So, why is all of this important, because it is necessary to understand the Lord’s instructions here: We cannot honor the Father apart from the Son, the Father is glorified and set apart through the redemptive work and glory of the Son. John 12:28 “Father, glorify Your Name”; 17:1 “Father, the hour has come, glorify Your Son that the Son may glorify You”; (John 5:23)“He who does not honor the Son does not honor the Father”; (John 14:13) “Whatever you ask in My Name that will I do so that the Father may be glorified in the Son”; (1 Pet. 4:11) “So that God may be glorified through the Son” .
To ask for God to sanctify and glorify His Name is to also pray that the Son, the Lord Jesus Christ would be glorified by the power of the Holy Spirit, for it is the ministry of the Holy Spirit to glorify the Son, which in turn glorifies the Father and sets His Name, the Name of the God, apart as holy.
The display of everything related to God’s redemptive work, through Jesus Christ, would be put on display in our lives and collectively in the life of the church - His glory the desire of our hearts and goals of prayer.
Now this is something that His first hearers would not have fully understood because Christ was not yet glorified. However, it is how His people would understanding after His ascension and the coming of the Holy Spirit. It is how we, who have the fullness of the revelation of Christ, are to understand it.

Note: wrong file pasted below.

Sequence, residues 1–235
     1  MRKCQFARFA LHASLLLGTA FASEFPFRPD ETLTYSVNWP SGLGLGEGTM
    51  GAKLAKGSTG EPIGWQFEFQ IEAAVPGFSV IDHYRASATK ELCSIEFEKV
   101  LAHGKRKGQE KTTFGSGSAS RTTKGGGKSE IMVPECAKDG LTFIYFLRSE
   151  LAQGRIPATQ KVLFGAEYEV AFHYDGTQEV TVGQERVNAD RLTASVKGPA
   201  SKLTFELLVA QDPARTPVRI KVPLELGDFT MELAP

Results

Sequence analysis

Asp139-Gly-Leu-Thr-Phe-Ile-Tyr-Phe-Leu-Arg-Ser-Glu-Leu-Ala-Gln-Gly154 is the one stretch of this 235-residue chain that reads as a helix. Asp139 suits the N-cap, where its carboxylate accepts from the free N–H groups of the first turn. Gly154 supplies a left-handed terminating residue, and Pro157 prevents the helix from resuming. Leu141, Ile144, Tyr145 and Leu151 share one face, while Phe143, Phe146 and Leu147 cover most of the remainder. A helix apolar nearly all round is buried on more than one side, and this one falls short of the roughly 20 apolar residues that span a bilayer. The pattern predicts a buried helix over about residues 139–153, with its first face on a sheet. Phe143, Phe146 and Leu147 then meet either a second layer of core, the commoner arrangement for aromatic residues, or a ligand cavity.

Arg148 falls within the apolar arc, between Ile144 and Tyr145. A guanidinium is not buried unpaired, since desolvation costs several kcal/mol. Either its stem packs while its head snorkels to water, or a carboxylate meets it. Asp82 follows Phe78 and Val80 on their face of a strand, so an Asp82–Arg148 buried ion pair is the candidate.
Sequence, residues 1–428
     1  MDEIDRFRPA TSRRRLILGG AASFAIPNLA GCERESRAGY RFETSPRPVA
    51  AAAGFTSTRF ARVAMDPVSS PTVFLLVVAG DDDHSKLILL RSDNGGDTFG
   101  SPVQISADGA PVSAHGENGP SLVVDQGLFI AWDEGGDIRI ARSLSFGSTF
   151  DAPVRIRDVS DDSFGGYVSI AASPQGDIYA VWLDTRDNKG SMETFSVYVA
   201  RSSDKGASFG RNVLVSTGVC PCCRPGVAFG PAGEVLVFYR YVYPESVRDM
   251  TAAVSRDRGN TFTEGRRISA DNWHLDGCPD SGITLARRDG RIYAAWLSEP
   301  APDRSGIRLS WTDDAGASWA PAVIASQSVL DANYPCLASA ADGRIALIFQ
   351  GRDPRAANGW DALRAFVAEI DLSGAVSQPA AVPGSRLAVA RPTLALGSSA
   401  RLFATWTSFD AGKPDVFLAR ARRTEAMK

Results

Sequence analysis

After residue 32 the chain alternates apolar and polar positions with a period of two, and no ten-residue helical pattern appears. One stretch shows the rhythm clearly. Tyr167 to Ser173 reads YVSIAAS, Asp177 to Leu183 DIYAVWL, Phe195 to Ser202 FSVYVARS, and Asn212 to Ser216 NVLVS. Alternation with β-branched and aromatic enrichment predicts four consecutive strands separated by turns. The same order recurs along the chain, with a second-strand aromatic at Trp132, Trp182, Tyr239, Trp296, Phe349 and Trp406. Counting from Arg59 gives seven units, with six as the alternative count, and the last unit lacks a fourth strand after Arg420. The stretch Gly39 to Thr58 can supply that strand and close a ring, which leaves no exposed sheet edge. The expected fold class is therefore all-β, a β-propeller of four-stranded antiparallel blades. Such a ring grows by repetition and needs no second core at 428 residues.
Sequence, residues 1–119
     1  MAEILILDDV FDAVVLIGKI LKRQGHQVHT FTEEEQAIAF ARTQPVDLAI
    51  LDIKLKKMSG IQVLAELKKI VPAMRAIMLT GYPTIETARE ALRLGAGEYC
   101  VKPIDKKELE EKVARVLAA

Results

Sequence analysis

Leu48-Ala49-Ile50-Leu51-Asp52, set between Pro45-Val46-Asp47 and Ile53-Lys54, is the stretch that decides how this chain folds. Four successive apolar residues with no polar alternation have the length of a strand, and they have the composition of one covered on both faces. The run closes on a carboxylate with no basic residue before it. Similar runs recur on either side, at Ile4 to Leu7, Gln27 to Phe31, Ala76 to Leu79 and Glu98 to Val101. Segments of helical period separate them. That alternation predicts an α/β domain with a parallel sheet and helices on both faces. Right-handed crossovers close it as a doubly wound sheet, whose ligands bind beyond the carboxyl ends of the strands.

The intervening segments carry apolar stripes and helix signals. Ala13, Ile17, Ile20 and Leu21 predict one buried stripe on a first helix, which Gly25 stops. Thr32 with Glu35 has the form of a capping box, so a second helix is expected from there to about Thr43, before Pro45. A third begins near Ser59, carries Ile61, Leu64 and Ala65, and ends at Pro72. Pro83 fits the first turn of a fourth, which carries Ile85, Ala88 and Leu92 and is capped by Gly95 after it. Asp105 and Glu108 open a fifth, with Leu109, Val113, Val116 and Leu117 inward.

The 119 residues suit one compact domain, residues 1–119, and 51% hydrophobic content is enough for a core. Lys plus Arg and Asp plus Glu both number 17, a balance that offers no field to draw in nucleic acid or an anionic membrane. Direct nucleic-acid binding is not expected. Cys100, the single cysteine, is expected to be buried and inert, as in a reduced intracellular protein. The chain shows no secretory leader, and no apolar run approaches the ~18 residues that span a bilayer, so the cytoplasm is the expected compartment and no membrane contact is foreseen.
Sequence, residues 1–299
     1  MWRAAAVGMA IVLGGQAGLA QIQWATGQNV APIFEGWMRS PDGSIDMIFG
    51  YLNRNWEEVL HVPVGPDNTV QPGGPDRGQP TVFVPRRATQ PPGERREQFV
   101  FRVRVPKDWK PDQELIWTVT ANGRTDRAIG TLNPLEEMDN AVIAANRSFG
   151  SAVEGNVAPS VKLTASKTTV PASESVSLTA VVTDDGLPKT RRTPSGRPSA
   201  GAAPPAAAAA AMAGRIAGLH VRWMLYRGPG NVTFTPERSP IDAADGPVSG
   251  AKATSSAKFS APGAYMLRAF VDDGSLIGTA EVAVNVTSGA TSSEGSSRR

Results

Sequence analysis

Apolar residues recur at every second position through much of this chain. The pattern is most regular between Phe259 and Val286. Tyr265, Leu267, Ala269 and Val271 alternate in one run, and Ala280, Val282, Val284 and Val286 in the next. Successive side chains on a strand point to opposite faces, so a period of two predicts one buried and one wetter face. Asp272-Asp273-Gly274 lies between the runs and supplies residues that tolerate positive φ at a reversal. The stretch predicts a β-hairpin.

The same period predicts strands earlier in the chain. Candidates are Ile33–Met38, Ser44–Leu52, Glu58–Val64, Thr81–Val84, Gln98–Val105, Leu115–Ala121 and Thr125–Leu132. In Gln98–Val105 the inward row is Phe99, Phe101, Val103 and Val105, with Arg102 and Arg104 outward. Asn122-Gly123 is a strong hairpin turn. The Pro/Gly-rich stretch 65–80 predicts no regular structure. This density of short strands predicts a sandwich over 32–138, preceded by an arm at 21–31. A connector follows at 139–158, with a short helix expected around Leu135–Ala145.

The Name of the Father is glorified, sanctified, made holy through the Son. The Holy Spirit is glorified through His ministry of exalting the Name of the Son, to the glory of the Father.
Let’s add one more note before we apply this: This is precisely the glory being given to His Name - the Name of God the Father, Son, and Holy Spirit - in heaven.
How do we know this? Because God has pulled back the curtain and given us a peek at the scenes of heaven: Is. 6:1f “Holy, Holy, Holy is the LORD God Almighty … with two they covered their faces … with two they covered their feet.”
Rev. 4:8 [TURN TO] “Holy, Holy, Holy is the LORD God, the Almighty, who was and who is and who is to come and when the living creatures [most likely Seraphim.] give glory and honor and thanks to Him who sits on the throne, to Him who lives forever and ever, the twenty-four elder [best understood as the church] will fall down before Him who sits on the throne, and will worship Him who lives forever and every, and will cast their crown before the throne saying, ‘Worthy are You, our Lord and our God, to receive glory and honor and power; for you created all things and because of Your will they existed, and were cerated”
Rev. 5:9 “Worthy are You to take the book and to break its seals’ for You were slain, and purchased fro God with Your blood from every tribe and tongue and people and nation”